Visit From a Hungry Man
by Charles Bent
(304) "The Winnebago Indians still lingered around their old hunting grounds, and it was both natural and desirable on the part of new-comers to obtain all the information possible of their habits and characteristics, and the advice was not to feed them. After a few days domicil Mr. Odell was obliged to seek some supplies, which would require the absence of the entire day, leaving Mrs. Odell at home alone; and soon after his departure an Indian stealthily opened the door, glided to the fire, and silently surveyed the premises. Seeing a strange squaw he inquired, "Where Moconder?" (medicine man). "Puckagee to O-hi-o," replied Mrs. Odell. He then asked for food, which she would not understand until he had made the demand a third time, accompanied by a dramatic flourish of his tomahawk, which brought to her recollection enough of the Indian dialect as to hurriedly furnish him food to his satisfaction. Having used Winnebago dialect in her first answer, he knew her to be no uneducated squaw. These Indians often visited their old homes in after years, and, being treated with kindness, property was more safe while surrounded by them than it is now with our doted civilization."1
|Whiteside County, Frontispiece|
|A Plat Map of Fenton Township|
Commentary. "old hunting grounds" — Odell's property (Section 36) is only 2 miles to the west of Prophetstown, where the "Winnebago Prophet" once lived.
"Mr. Odell" — Bent gives this sketch of Odell: "J. Danforth Odell was born in Petersburgh, Rensselaer county, New York, June 9, 1815, and came to Whiteside county in 1839, arriving the day before the last, or September election for the location of the county-seat. He was married to Miss Elsie Ann Peters in North Adams, Massachusetts, June 10, 1839. They have had two children, both of whom died in childhood. When Mr. Odell first came to Whiteside he purchased a claim, with a cabin and some small improvements, of Dr. William Price, situated in the southeast corner of what is now Fcnton township, known as the Lyman Bennett claim, and took possession in the December following. ... Mr. Odell continued to cultivate the rich soil of the Rock river bottom for thirteen years, when he moved to Lyndon, where he clerked in the general merchandise store of Marcus Sperry for about two years, and until Mr. Sperry's death, when he entered into partnership with F. K. Powell and W. W. Gilbert, under the firm name of J. D. Odell & Co., which continued for nearly two years. Lyndon at that time sold more goods than any other town in the county, and one of the partners of the firm, who furnished no part of the capital, drew at the rate of $150 per month as his share of the profits. The firm was mutually dissolved while in the height of prosperity, and at a great sacrifice, as was then supposed. But Mr. Odell has often said afterwards it was the most fortunate move of his life, financially, as the firm was then indebted to New York and Chicago parties to the amount of nearly $12,000, and the firm were enabled to close up their liabilities about the time of the great financial crisis of 1857-'58. Mr. Odell afterwards engaged in the grocery trade in Lyndon for about two years, and in March, 1863, came to Morrison, where he has resided fourteen years, retired from active business life, having seen enough, as he alleges, of the hardships of the frontier to pass the balance of his days in quiet retirement. Mr. Odell was the first Town Clerk of Fenton township, and has been for several years, and is at present. Treasurer of Mt. Pleasant township. He has considerable literary taste and ability, which he has used to good advantage as newspaper correspondent. He was for some time correspondent of the Whiteside Sentinel, writing under the nom de plume of "Tim Downes," and has contributed various articles at other times." Odell's property, in accord with this description, would be in Section 36.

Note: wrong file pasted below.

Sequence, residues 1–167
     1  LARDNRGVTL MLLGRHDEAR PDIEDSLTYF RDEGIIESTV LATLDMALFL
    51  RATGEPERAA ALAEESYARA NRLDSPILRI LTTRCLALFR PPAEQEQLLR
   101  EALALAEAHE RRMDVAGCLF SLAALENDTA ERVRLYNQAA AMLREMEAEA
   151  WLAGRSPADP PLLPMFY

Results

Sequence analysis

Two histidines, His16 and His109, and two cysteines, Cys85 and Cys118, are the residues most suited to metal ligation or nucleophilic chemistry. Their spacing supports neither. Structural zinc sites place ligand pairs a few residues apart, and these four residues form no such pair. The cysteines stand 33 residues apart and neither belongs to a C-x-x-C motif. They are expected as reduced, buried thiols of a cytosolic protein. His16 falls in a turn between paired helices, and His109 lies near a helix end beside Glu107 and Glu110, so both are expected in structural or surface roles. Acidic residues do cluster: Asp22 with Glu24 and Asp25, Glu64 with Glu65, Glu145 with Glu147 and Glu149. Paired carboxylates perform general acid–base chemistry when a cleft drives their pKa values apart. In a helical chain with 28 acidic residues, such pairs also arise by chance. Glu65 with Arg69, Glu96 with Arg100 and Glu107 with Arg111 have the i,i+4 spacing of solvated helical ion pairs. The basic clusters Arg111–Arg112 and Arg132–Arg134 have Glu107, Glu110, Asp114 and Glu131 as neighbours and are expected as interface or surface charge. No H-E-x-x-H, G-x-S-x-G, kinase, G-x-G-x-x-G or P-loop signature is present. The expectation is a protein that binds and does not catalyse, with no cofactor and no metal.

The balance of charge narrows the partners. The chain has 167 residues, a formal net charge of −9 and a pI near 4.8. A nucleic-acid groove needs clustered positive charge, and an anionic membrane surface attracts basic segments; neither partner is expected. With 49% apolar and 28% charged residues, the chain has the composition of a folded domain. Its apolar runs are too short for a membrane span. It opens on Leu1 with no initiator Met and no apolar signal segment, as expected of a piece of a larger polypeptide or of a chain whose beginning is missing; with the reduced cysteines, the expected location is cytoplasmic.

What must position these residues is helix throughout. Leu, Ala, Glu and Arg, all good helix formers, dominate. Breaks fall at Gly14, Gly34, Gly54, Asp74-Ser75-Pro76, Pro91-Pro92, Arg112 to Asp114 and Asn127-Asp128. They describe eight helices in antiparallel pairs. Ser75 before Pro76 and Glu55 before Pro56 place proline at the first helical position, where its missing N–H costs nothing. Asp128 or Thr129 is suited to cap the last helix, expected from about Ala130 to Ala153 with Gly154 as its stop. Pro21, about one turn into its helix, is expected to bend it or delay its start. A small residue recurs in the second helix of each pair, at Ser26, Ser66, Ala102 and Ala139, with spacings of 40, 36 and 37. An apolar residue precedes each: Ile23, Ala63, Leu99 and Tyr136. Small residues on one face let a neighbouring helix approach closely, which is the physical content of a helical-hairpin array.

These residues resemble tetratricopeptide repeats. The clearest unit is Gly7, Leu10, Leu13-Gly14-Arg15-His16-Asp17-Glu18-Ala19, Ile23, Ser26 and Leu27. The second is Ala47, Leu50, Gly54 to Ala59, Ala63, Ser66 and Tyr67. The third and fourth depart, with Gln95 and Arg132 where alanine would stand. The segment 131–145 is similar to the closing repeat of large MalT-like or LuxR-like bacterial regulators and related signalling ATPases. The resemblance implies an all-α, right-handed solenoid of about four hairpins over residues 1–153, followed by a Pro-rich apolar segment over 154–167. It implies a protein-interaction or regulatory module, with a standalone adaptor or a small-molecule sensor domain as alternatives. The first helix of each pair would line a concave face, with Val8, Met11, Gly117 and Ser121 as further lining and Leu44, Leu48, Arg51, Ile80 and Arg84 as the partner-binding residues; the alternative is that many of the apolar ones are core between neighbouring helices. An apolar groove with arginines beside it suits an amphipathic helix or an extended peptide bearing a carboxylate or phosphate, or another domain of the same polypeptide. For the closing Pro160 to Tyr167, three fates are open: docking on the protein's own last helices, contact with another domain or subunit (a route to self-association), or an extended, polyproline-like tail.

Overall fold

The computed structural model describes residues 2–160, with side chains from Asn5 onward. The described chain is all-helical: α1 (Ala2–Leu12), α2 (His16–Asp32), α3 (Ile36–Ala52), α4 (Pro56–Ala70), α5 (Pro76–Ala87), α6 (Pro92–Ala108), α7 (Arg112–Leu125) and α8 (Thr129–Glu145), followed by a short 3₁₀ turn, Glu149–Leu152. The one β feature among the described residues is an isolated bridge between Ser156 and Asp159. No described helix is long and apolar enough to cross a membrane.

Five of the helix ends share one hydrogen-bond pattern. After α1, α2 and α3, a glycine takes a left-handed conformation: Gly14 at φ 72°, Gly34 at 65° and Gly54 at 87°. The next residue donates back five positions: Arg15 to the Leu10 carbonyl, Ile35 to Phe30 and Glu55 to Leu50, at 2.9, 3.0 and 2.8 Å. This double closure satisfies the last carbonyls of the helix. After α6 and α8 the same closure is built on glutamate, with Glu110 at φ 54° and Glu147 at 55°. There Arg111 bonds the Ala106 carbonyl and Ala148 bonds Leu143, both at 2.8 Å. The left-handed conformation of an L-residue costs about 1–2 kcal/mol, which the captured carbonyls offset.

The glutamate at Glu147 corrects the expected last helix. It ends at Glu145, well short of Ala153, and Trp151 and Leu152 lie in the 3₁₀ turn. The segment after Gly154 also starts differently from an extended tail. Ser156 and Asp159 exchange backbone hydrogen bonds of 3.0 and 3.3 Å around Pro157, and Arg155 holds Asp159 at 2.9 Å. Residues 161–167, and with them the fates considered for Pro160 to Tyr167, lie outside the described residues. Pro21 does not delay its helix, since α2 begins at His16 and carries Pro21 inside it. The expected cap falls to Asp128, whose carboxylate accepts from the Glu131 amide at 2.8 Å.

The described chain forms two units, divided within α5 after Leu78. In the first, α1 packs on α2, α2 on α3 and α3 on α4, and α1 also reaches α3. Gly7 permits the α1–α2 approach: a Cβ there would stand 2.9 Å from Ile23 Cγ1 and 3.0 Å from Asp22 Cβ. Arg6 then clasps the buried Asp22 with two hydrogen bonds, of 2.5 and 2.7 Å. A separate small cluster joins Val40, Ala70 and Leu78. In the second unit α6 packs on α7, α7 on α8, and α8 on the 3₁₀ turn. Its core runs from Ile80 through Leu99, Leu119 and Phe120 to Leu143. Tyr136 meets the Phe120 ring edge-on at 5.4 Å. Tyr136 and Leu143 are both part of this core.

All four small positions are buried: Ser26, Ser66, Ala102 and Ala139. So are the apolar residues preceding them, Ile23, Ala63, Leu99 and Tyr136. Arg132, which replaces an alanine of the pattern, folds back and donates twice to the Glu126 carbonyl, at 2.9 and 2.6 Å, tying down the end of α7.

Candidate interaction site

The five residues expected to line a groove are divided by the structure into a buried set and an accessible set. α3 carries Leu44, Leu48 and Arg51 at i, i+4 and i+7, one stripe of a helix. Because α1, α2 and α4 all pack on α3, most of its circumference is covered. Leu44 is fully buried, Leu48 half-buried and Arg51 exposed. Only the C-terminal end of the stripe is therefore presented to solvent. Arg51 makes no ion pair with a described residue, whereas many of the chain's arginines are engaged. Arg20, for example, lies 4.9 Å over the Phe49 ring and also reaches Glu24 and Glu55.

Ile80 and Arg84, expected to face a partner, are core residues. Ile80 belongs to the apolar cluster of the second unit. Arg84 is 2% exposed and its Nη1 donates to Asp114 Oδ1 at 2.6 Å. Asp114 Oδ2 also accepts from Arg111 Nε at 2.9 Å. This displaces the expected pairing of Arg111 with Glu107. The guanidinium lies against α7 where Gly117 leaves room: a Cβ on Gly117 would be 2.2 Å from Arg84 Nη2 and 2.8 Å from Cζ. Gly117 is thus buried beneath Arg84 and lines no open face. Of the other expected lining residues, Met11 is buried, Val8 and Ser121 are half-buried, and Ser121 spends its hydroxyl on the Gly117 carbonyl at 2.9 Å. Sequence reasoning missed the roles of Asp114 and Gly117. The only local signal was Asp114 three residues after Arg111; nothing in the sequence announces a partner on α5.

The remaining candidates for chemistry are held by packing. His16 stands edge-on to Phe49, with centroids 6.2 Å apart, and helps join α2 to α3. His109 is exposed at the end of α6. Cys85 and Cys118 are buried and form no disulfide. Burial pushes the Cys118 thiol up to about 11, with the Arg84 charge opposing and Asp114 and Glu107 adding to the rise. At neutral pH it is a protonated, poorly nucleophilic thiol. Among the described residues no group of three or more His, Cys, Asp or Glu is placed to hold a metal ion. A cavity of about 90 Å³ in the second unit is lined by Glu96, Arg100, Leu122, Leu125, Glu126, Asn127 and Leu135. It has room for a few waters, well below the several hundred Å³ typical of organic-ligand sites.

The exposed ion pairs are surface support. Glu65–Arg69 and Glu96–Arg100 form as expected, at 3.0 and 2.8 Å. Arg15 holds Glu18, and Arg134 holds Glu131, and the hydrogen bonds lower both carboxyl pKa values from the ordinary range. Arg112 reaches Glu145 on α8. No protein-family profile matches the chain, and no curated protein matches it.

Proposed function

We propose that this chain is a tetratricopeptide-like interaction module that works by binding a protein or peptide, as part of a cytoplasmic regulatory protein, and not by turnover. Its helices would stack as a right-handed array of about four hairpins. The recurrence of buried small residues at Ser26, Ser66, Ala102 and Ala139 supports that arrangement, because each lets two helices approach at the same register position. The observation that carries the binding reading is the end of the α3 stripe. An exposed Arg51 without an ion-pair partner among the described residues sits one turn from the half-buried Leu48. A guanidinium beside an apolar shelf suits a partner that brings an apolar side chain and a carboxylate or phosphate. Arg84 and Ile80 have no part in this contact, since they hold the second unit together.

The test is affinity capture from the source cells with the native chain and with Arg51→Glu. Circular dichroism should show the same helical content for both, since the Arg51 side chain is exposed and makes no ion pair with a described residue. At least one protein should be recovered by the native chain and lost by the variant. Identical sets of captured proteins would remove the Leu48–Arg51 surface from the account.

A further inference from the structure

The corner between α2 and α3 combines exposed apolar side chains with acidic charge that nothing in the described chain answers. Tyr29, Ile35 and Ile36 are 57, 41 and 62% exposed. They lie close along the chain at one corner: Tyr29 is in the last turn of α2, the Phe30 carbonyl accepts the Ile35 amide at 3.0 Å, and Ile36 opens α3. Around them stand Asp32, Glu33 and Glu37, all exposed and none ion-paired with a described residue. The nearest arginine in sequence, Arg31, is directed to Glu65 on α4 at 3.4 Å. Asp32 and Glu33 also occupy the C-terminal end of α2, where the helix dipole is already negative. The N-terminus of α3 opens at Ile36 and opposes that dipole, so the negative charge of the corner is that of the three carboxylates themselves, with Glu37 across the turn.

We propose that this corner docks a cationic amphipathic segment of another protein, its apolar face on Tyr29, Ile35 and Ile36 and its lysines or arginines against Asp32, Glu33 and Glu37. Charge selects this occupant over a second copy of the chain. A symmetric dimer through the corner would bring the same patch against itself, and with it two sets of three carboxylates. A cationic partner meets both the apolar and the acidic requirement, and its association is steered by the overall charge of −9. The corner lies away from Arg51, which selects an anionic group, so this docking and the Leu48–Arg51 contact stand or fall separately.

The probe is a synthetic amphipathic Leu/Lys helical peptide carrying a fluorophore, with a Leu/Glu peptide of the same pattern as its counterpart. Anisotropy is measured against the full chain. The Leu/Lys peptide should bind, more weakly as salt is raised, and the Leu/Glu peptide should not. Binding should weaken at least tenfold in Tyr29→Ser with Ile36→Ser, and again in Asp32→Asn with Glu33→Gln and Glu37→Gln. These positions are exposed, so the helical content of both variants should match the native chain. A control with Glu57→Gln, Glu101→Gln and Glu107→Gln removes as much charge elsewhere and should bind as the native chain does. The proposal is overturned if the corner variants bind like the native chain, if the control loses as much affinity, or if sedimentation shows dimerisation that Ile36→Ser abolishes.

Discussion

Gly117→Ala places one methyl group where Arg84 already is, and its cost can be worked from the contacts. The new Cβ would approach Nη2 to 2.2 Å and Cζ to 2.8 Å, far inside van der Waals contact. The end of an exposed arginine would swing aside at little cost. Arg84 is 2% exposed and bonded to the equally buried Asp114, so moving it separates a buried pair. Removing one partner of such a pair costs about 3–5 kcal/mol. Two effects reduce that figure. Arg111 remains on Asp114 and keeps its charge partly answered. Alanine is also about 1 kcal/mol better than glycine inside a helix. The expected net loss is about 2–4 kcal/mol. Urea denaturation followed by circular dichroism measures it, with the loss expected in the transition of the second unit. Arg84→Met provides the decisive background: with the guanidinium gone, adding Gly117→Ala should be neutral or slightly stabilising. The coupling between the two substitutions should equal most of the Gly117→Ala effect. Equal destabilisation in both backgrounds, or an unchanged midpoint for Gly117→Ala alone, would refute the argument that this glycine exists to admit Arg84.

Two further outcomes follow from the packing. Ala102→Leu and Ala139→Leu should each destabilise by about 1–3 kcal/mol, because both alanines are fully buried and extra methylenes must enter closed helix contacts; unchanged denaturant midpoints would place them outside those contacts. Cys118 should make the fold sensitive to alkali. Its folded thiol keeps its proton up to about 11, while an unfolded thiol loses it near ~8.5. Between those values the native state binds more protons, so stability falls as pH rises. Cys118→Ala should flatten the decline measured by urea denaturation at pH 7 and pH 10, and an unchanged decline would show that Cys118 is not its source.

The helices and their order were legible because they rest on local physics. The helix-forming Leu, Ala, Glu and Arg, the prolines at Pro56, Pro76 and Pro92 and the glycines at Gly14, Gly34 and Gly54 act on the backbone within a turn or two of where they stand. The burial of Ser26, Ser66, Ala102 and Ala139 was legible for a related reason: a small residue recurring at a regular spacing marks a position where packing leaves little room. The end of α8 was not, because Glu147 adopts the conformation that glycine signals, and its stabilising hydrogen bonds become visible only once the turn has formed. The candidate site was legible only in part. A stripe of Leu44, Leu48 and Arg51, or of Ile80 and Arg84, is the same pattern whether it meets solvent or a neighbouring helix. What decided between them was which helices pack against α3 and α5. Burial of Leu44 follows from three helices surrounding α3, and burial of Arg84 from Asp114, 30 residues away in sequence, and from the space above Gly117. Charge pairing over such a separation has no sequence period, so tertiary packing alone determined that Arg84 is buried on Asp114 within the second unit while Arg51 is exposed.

"Moconder" — for mąką́nįra, "the medicine man."
"Puckagee" — the nearest Hočąk expression that could fit this context is pa-xjį, which would mean, "very far." However, near Fox Lake is a place known as "Puckagee Springs." It may be an Algonquian word, but nothing resembling it could be found in Ojibwe or Sauk dictiionaries.
Stories: See "Visitors" for a similar history in which a visit from the Hočągara causes alarm when in fact they prove more virtuous than white people.
1 Whiteside County, Illinois, from Its First Settlement to the Present Time; with Numerous Biographical and Family Sketches, ed. Charles Bent (Morrison, Ill.: L.P. Allen, 1877) 304.